Hip-hop artist Wally Bernard says his older brother encouraged him to take part in the 2015 Aboriginal Youth Songwriting Camp last weekend.
“It’s something you should do,” Bernard recalls. “Try it out, right, because songwriting is important to keep going.”
Bernard, 24, from Membertou First Nation, was one of seven Mi’kmaq youth who participated in the songwriting camp which was held at the Ovens Natural Park near Lunenburg, N.S. September 25-27.
The participants included:
- Kendrick Bernard from Wagmatcook, N.S.
- Wally Bernard from Membertou, N.S.
- Ryan Googoo from Wagmatcook, N.S.
- Tevin Nicholas from Waycobah, N.S.
- Shayleen Paul from Membertou, N.S.
- Nevada Pierro from Wagmatcook, N.S.
- Talon Simon from Elsipogotog, N.B.
The camp was organized by Blue Dory Productions with the support the Mi’kmaq Native Friendship Centre in Halifax and Morley Googoo, Assembly of First Nations vice-chief for Nova Scotia and Newfoundland.
The Ovens Natural Park is owned and operated by Steve Chapin, brother of the late American singer-songwriter Harry Chapin, and his family.
The youth spent the weekend working with musical mentors such as Anishnabe artist Leonard Sumner from Winnipeg and Stewart MacNeil of the musical group, the Barra MacNeils, to create new songs.
The participants were then encouraged to perform their new songs to a larger group following breakfast on Sunday.
One of the exercises, Bernard explained, was to create a song in two hours based on a word or phrase written on a piece of paper and pulled out from a hat.
“The word I drew was ’never’ and you know, it’s only one word. It’s kind of hard to come up with a concept, I guess,” Bernard explains.
“But I did a little native chant and wrote, put some hip-hop in there with my own little take on things because they kind of told us to mix it up, right, culturally, mix it so that’s what I did.”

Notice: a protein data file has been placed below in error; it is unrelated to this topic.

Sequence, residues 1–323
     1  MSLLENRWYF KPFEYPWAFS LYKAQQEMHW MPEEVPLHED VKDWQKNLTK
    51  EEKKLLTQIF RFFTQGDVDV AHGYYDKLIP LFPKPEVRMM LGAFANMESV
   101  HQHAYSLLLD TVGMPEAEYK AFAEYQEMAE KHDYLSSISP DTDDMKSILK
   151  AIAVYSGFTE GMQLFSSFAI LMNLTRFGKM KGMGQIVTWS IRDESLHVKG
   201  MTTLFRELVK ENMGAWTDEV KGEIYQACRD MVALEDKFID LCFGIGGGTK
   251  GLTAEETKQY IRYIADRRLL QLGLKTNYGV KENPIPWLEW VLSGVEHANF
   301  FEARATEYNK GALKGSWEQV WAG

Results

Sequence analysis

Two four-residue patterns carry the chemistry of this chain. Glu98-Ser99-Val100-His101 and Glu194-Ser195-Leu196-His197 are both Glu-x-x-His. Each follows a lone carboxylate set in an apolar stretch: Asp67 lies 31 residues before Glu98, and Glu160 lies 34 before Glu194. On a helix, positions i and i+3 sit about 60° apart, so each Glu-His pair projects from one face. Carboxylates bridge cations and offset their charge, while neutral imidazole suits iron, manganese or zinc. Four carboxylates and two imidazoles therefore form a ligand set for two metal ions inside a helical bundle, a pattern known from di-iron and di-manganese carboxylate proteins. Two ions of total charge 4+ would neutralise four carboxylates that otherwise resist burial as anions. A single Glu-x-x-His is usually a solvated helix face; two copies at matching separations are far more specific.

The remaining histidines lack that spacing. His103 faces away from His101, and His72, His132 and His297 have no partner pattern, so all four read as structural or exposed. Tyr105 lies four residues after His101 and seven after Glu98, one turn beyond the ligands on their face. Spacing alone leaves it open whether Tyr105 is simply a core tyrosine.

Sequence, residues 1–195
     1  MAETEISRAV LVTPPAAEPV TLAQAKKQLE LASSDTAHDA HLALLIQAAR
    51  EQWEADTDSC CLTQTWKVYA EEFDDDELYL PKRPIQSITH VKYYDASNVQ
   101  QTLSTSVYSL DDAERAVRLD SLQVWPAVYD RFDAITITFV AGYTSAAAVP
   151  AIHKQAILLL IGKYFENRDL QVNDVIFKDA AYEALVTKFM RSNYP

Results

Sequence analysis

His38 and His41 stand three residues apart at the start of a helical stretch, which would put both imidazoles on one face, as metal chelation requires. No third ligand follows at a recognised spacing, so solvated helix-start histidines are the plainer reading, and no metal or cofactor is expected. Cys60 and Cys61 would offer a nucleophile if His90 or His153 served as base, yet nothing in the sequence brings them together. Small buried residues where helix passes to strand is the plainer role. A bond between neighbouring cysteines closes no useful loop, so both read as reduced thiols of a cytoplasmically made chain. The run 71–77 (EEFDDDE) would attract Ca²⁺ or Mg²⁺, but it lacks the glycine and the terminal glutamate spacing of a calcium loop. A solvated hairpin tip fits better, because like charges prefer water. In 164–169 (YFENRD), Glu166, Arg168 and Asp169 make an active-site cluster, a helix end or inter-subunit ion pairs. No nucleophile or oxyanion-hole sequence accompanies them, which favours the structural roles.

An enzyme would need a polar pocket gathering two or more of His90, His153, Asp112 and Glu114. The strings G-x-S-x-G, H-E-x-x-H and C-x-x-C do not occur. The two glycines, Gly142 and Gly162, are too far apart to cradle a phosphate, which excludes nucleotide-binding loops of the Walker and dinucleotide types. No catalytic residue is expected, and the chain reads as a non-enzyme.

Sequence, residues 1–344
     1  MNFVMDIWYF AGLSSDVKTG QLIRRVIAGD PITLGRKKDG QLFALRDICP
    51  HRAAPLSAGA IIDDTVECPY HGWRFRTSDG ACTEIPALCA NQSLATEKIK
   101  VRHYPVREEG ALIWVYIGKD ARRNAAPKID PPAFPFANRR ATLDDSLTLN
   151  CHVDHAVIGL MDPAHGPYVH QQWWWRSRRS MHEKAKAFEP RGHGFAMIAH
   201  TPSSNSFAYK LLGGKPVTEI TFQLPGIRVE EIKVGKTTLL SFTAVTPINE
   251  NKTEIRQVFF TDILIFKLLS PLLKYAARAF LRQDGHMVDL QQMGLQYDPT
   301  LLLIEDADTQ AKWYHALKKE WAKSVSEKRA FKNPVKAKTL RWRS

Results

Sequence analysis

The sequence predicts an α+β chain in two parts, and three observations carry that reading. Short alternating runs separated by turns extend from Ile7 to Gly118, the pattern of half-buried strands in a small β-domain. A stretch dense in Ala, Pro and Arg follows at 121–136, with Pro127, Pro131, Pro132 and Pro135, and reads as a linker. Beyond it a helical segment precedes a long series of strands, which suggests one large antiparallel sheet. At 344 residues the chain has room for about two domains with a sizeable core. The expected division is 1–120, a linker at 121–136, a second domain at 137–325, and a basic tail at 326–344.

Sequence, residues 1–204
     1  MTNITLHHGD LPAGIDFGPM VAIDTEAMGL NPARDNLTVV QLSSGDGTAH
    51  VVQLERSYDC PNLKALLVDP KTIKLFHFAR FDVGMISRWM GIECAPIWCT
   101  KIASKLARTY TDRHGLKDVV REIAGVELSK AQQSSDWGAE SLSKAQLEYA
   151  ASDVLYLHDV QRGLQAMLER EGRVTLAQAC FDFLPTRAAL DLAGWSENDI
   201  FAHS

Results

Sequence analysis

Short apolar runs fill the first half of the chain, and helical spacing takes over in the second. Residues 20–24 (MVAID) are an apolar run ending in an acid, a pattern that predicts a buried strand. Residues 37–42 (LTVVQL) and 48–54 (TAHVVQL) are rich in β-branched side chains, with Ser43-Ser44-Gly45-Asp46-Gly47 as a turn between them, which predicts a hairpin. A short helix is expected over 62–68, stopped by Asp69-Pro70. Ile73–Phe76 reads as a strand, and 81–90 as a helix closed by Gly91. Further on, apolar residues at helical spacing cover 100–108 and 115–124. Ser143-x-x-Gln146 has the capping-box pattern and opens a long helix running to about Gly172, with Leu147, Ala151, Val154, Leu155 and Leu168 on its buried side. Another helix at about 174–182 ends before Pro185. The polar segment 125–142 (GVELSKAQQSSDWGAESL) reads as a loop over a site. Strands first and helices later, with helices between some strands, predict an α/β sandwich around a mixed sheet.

Yvonne Mosley, executive producer at Blue Dory Productions, decided to organize the songwriting camp because she saw “tremendous amount of talent” among Aboriginal youth in Nova Scotia.
“And I’ve sometimes sat back and wondered as a producer, where is this talent going?” she said.
Mosley said she wanted to do her part following the recommendations made by the Truth and Reconciliation Commission on Indian residential schools to encourage cross cultural relationships between Aboriginal and non-Aboriginal communities.
“And music is the international language so why not do it through music,” she said.
Leonard Sumner, 31, from Winnipeg was asked to be mentor for the camp after he performed at the Nova Scotia Mi’kmaw Summer Games in Millbrook, N.S. in August. He described the participants as “very advanced writers and also great musicians.”
“When I was younger, hip-hop artists were strictly hip-hop artists or they only used electric instruments,” Sumner said.
“These young people were playing guitar. They were playing bass. They were playing drums and I think it shows, like, the advancement for First Nations youth and the Mi’kmaq youth in Nova Scotia,” he said.
“I think they learned a lot and I had a beautiful time working with them.”
Bernard says the mentors, like Sumner, were incredibly encouraging.
“I’m taking a great experience home with me,” Bernard said. “I learned a few things about songwriting and a few things about the industry,” he said.
“I’m willing to apply what I learned here to (create) some new music.”
Kukukwes.com relies solely on subscriptions or pledges in order to exist. If you enjoyed reading this news story, please consider becoming a patron of Kukukwes.com. Show your support for independent Aboriginal news in Atlantic Canada. Visit Patreon.com and make a monthly pledge.